by: Remie Longbrake | published: Sept 30, 2019
Credit controls a lot of what we do, where we live, and what we have. Much of that these days is determined by our credit score. All of us working aged have one, even if you haven’t used credit yet, you still have a score. A credit score is among the single most important number in your financial life. It’s become one of the main ways businesses judge the creditworthiness of a person. Use of your credit report has infiltrated areas we never thought it would – from job applications to insurance premiums, leasing homes, cell phone plans and much more!
Did you know that credit scores has on interest rates? Actually just a single point could cost you thousands of dollars in interest payments on a mortgage or loan. It is really taking it’s toll on our financial futures. There is hope, however! Taking advantage of these steps can go a long way.
With that said, here are several simple and legal steps you can take to improve your credit score:
Get Your Report (For Free!)
The first step in improving your credit score is to constantly monitor your credit history by getting your report for free from AnnualCreditReport.com. The Fair Credit Reporting Act requires that the three nationwide consumer reporting companies (Equifax, Experian and TransUnion) to provide a copy of your credit report every twelve months. Although you have to request your report, we highly suggest you do!
Fix Financial Fallacies
Once you get a copy of your credit history, look it over and dispute anything that’s wrong. You could have an account listed that isn’t yours or one that’s listed as delinquent when it’s not. The statistics on the number of errors in credit reports is astounding (79% may have errors)and chances are something in your report is wrong and adversely affecting your score.
Limit New Credit Applications
It’s said 10% of your score is based on your requests for new credit alone. 15% of your score is based on the length of your credit history. When you apply for new credit, both of those figures are negatively affected. Just think of it this way, if you were going to lend someone money, would you lend it someone who has been looking for credit recently or someone who hasn’t? Lenders aren’t that much different.
Pay Down Debt
30% of your score is based on the how much of your available credit is being utilized; the lower the better. If you have $50,000 of available credit and you’re using $10,000, your score would be lower than if you were only using $5,000 or even $2,000. If someone was using 80% of their credit, that would set off some warning bells for sure. Now compare that to say a utilization of 10%, although using some, certainly that is being more responsible. Payment history (which accounts for 35%) is also important, but a higher utilization figure means higher risk. By paying down debt, you’re lowering that figure altogether.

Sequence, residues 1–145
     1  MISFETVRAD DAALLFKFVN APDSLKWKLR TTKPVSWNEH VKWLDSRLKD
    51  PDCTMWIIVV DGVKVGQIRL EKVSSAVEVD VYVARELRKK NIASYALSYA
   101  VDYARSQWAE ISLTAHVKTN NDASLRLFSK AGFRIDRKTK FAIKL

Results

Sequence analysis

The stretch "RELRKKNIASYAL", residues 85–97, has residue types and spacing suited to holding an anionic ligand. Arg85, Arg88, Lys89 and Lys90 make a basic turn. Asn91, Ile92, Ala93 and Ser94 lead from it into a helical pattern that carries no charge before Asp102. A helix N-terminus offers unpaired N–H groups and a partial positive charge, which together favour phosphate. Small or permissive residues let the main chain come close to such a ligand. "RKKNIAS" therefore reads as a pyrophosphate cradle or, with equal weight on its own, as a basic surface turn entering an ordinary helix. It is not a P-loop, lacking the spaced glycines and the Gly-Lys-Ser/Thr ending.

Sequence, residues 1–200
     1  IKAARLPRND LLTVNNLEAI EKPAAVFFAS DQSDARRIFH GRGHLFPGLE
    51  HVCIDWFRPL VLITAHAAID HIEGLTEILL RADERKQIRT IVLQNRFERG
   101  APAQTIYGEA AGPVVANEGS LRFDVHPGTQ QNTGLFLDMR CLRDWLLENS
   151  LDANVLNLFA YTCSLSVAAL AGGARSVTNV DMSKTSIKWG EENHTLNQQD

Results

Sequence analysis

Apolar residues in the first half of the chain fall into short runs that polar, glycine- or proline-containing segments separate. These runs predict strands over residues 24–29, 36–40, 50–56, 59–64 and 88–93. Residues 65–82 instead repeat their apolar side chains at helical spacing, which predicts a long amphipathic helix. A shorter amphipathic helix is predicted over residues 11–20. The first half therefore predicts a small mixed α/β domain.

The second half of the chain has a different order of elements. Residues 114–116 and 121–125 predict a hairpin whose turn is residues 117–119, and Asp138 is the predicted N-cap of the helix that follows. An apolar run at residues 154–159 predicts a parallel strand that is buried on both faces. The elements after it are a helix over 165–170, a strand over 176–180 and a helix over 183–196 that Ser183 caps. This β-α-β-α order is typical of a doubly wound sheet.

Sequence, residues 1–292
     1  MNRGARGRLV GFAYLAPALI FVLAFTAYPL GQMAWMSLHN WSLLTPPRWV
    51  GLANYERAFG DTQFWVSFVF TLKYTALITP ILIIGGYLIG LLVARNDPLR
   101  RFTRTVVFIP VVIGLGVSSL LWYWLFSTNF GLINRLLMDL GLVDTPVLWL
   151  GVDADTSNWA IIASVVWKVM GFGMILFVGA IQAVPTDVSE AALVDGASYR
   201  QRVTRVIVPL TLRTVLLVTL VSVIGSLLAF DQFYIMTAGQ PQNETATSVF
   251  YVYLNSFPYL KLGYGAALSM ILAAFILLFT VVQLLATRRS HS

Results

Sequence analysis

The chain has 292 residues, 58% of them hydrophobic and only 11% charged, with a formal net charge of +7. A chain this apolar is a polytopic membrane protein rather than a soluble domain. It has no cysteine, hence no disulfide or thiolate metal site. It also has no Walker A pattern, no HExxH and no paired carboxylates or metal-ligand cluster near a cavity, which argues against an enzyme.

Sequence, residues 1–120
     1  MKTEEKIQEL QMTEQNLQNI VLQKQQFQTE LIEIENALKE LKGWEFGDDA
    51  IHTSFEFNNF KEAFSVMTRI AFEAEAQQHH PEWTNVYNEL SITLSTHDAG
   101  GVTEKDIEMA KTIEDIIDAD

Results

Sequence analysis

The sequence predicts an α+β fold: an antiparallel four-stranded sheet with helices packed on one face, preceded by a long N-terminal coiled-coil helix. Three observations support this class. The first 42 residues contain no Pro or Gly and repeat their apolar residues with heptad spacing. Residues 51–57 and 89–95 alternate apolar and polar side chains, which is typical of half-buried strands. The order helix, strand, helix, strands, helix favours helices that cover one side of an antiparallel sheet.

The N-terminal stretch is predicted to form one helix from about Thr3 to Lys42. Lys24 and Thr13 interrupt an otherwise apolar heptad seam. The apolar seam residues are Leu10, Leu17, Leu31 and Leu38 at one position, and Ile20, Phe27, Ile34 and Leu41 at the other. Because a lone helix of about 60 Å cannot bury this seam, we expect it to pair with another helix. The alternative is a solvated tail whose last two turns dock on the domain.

Request Credit Limit Increases
These days, the number of credit issuers willing to do anything but decrease your credit line is dwindling. If you ask, some credit card companies are willing to offer a credit limit increase without a credit inquiry. These are the types of increases you should try to obtain as inquiries will occasionally decrease your score by a couple points. By requesting, and being granted, an increase, you lower that utilization metric used for 30% of your score. It’s important however, to not spend more just because you have access to more credit. Keep those balances low to zero!
Dispute Old Negatives
Finally, if you have some old negatives that you think the lender won’t, or is unwilling, to confirm if disputed – dispute them. Some smaller agencies or businesses may not care enough, or may be in such disarray, that they can’t confirm the bureaus investigation into the old negative. If there is no confirmation or paperwork officially stating that you owe them money, they cannot keep the claim active on your credit report.
Know Your Limits
Don’t blindly fall for some card in the mail. Do your home work. Consider why you would need credit. Are there other options? Cash, is usually good, but sometimes is does make more sense to leverage credit. If your unsure when try to educate yourself or have a consultation with an expert. Always know your limits, not only on credit, but also on you. Some of us are naturally spenders, and that gets many in financial trouble. Starting out, you may want to use a secure credit card, which you need to pre-load with cash before you can use it. Although credit limits are usually small(under $2,000), they are a great way to build or rebuild a persons credit. Again, you must be careful as it don’t take long to utilize that overall balance.
Pay Off Balances
We must do all we can to pay off those balances every month. Not only will not paying off the balance negatively affect your score, it will also add interest. Get that high enough and your talking hundreds if not thousand of extra dollars added to your balance. There’s no need for that, so pay it off each month!
With these steps, you can improve your credit score. Don’t miss out of potential savings. Due your diligence and take control of your credit.